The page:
Preview: Honest Products

01 : 05 : 2017 Beauty : Retail : Ingredients

In today’s beauty landscape, where consumers can Google the benefits of any ingredient in seconds, a new hyper-educated shopper is emerging.

The Ordinary by Deciem The Ordinary by Deciem
Beauty Pie Beauty Pie
NIOD by Deciem NIOD by Deciem

In the same way that fashion brands such as Zady and Everlane have lifted the veil of secrecy behind manufacturing costs, beauty brands are rethinking mark-ups.

Beauty Pie, for instance, offers a subscription service that gives consumers access to premium beauty essentials at factory prices. A lipstick, for example, costs members, £3.43 ($4.26, €4), while non-members pay £20 ($25, €23). The brand says it will offer customers full disclosure on how much money has been spent on packaging and formulations, and provide a list of ingredients.

‘The real evolution of where this is going is more honesty,’ says Brandon Truaxe, founder of the Deciem range. ‘When I say honesty, it’s not so much honesty about what the product has in it and its value, but honesty about what can be expected and what makes sense.’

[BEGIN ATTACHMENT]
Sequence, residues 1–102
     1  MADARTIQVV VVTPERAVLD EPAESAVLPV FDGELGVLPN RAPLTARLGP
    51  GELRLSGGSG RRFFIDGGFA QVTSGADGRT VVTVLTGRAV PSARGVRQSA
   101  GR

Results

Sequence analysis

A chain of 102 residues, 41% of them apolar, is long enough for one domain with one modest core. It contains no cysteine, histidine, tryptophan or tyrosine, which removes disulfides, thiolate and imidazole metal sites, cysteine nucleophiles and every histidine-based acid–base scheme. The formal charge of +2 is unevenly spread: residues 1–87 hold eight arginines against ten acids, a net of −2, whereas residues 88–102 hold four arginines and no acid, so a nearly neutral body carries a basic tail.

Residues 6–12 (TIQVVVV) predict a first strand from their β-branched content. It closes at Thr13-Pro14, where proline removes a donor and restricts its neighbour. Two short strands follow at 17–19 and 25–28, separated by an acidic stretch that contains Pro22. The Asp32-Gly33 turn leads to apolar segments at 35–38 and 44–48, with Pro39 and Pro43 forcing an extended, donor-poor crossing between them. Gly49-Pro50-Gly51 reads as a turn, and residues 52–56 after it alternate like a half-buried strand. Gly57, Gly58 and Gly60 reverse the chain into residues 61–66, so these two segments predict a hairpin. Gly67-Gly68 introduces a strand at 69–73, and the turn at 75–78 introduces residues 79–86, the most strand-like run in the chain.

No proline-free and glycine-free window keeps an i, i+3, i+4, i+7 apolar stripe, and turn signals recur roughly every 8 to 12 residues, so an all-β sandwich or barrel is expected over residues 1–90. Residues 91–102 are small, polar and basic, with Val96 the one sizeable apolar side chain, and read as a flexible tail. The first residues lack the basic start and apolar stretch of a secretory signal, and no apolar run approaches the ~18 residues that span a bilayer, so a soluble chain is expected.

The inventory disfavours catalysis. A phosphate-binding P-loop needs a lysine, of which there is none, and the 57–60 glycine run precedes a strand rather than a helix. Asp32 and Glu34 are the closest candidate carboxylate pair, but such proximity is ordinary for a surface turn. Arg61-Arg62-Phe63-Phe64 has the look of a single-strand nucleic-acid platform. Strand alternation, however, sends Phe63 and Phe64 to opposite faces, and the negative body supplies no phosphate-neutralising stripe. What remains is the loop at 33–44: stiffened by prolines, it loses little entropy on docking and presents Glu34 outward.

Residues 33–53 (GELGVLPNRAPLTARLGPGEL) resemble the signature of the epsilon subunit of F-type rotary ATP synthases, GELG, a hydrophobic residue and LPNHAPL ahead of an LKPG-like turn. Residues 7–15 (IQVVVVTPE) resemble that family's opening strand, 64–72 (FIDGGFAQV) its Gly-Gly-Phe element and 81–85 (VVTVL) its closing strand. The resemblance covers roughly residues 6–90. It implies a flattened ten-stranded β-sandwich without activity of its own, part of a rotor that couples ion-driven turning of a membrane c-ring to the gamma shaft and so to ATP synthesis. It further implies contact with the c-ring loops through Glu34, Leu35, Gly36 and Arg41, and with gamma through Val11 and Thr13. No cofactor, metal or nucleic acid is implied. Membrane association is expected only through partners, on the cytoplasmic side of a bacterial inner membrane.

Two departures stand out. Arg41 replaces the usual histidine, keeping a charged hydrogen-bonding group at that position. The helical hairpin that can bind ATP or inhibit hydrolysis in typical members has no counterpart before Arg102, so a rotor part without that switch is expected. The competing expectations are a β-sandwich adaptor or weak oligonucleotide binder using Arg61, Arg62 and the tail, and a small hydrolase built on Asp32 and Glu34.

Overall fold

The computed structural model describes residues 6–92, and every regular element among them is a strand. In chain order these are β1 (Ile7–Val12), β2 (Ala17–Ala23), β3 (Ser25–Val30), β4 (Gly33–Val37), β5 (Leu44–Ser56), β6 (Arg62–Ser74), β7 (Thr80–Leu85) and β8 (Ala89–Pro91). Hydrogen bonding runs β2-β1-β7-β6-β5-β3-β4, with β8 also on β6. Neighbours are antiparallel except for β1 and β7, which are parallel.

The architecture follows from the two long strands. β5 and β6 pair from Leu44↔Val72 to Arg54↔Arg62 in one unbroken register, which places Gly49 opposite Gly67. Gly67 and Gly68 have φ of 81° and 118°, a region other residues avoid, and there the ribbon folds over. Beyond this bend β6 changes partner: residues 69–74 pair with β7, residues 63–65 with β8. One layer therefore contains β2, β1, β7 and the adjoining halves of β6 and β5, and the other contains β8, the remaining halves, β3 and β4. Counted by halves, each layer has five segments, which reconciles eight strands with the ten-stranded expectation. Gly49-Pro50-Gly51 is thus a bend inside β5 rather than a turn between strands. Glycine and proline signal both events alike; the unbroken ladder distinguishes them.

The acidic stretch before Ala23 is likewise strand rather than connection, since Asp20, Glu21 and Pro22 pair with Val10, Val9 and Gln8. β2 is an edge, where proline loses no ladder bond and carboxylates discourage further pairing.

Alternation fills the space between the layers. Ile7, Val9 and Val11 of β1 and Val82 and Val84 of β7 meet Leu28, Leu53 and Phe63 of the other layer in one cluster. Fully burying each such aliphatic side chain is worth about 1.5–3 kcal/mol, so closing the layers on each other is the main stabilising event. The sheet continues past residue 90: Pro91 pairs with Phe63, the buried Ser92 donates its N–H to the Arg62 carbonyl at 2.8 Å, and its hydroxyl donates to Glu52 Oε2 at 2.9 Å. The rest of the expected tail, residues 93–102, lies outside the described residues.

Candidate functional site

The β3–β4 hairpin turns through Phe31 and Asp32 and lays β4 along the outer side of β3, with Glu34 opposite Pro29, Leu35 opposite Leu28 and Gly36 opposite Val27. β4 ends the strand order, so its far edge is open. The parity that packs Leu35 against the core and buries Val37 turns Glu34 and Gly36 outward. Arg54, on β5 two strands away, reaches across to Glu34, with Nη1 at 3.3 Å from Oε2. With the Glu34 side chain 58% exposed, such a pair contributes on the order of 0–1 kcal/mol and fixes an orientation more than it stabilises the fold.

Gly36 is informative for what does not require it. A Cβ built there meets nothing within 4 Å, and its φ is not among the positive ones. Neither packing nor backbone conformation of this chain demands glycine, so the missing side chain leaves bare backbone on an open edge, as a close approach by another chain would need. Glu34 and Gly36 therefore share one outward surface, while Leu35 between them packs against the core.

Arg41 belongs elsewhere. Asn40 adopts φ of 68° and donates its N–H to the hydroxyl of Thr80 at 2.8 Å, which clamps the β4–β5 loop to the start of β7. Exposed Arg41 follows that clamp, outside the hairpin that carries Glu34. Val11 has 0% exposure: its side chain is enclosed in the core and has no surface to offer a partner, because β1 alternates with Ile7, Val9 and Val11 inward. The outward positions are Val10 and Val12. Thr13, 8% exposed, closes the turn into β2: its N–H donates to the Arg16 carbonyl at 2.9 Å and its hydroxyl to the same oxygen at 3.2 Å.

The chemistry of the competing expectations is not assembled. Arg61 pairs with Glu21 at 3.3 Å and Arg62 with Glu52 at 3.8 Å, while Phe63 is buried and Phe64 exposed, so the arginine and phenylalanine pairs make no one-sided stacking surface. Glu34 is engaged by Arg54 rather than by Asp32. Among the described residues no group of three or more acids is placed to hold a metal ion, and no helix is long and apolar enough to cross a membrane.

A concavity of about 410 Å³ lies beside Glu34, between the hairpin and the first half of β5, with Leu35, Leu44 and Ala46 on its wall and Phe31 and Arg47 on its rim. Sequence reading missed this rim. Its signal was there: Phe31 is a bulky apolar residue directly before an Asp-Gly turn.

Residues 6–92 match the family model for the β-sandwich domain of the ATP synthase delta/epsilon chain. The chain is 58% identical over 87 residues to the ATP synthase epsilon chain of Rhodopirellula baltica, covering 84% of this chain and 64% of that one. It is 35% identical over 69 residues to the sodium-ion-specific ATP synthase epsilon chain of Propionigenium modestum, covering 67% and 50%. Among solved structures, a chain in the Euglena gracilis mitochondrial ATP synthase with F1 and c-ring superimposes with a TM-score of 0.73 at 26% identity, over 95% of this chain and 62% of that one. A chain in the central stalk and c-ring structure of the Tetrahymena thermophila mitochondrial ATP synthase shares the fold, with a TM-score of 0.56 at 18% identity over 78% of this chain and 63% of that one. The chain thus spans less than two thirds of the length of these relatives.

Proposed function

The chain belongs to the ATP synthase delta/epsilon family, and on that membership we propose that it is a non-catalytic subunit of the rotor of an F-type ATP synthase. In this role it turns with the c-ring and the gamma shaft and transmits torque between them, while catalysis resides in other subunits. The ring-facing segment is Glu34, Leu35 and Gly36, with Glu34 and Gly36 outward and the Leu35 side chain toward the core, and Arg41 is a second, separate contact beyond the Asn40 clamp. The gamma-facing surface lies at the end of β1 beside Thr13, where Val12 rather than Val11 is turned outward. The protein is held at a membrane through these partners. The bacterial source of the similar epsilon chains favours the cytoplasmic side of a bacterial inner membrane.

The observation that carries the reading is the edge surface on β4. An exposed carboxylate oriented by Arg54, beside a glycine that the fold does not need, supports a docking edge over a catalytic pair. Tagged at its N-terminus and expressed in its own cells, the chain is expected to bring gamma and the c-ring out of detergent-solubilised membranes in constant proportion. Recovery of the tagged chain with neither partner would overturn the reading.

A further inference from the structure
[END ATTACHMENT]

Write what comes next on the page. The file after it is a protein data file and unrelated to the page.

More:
The Big Picture

  • Brands offering clinical, high-tech formulas are resonating with younger consumers who take a solution-centric approach to beauty problems. For more, see our latest microtrend
  • Women are tired of being patronised with pseudo-science. They are increasingly armed with unbiased knowledge delivered by their peers in the form of product reviews on forums, and brands can no longer rely on marketing buzzwords to sell products
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